Wednesday, September 25, 2013

Thinking, Teaching, and Learning Science outside the Boxes

McComas, W. F. (2009). Thinking, Teaching, and Learning Science outside the Boxes. Science Teacher, 76(2), 24-28.


This article is looking at redefining the term "interdisciplinary" with relation to the sciences. It begins with the story of researcher Thomas Young, and all his accomplishments. He was referred to as "the last man to know everything" (24). He combined many different aspects of science to solve multiple problems, spanning many different disciplines of science. The article discuss the university approach to sciences, where each discipline of science is learned at separate times, and even have different buildings for each. The discussion then turns to how we can incorporate all aspect of science and offers different levels of blending to accomplish this. The levels represent the extent of blending the disciplines ranging from 0, or no blending, to 5, which requires students to look at a concept and think of all the disciplines relate to that topic, concept, or problem. However, it also discusses the difficulties in creating a true interdisciplinary classroom. Two of the bigger problems stem from the fact that many teachers with a science background are experts in only one of the scientific fields. In addition, since the teachers were never really exposed to this type of learning, how can they teach in this manner? The article address the difficulty in this type of teaching, but concludes in stating that sometimes brillant ideas or difficult to implement.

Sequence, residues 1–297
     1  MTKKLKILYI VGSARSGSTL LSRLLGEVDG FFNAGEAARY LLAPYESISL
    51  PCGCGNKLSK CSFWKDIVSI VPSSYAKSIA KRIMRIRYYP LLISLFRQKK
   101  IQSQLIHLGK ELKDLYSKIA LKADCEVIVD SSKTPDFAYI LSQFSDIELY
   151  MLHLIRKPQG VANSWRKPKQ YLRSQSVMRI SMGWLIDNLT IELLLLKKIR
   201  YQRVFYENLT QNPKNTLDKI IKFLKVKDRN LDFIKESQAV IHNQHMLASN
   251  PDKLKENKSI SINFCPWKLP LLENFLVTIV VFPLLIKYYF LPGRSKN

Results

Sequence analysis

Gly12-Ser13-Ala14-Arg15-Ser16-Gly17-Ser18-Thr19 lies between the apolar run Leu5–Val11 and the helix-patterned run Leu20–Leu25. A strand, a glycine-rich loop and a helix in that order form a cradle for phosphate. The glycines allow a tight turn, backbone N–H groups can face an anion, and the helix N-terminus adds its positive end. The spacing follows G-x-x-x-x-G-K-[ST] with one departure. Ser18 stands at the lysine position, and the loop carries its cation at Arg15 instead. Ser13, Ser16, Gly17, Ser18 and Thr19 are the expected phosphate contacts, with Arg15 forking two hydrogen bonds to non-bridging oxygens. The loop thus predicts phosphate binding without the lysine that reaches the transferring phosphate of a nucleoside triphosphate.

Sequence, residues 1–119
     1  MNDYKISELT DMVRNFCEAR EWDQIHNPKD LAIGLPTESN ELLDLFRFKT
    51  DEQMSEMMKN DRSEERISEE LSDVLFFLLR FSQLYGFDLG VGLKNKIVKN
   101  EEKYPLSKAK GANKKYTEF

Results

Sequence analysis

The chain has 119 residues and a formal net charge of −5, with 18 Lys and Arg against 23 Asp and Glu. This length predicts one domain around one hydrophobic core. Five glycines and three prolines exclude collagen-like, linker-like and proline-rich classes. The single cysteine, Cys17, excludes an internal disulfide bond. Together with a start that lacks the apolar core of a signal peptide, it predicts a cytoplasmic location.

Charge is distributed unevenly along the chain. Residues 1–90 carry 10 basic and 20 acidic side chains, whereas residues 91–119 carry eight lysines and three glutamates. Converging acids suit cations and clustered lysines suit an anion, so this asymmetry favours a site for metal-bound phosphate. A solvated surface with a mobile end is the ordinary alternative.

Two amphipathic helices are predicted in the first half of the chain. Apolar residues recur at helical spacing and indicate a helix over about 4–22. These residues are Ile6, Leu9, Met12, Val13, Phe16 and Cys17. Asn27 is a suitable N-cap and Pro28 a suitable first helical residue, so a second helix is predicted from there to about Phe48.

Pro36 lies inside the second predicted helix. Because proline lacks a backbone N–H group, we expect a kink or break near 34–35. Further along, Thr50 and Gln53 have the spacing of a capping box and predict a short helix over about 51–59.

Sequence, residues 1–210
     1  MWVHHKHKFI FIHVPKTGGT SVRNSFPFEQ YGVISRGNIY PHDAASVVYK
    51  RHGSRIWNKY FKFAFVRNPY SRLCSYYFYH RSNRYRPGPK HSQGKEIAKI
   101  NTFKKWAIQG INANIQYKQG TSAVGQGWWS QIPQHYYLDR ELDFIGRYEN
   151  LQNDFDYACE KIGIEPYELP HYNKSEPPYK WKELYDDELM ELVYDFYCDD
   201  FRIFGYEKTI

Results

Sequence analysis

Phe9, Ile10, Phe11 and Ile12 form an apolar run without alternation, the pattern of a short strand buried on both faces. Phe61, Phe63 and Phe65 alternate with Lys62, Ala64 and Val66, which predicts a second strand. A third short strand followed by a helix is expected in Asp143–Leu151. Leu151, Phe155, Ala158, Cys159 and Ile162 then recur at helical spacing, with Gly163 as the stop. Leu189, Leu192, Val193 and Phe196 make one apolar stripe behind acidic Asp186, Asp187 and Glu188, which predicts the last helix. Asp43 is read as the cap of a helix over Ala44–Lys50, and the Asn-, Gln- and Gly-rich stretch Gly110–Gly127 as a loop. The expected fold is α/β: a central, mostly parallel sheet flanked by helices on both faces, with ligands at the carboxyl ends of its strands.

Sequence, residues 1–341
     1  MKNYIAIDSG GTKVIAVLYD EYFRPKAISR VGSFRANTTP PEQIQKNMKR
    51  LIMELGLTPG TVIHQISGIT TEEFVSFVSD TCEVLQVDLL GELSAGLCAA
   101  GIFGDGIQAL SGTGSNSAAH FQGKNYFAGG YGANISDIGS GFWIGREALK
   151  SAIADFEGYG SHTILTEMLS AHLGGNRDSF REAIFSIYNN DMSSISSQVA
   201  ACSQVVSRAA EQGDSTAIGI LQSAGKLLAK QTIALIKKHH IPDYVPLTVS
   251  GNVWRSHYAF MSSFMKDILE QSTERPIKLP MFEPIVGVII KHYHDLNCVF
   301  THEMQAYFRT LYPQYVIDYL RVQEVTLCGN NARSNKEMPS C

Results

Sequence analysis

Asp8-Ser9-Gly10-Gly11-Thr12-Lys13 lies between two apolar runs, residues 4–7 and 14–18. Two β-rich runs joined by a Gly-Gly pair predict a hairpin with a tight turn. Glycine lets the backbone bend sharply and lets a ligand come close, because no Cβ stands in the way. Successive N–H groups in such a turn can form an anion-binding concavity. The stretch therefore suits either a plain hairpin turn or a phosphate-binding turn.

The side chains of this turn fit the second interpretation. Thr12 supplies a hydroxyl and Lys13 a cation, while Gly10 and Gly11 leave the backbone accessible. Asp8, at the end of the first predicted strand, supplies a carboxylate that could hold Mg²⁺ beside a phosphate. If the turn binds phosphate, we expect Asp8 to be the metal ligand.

Relavent quotes/concepts:

"Phenix uses the concept of “ways of knowing” to help focus the definition. In his view, these ways of knowing include empirics (science), symbolics (mathematics), aesthetics (arts), ethics, synnoetics (literature), and synoptics (history). Therefore, it is more accurate to describe interdisciplinarity as the crossing between various ways of knowing or what some might call “schools of thought" (25).

"Rationales can also be found within the pedagogical 
realm. Students may benefit from seeing the world in 
a less-constrained fashion; thus, teaching effectiveness 
is increased when students are permitted to explore in 
ways that have personal meaning" (26).

"Science teachers typically start out as biologists, geologists, chemists, and physicists, and, with few exceptions, rarely gain content knowledge too far outside their initial science realm" (27).

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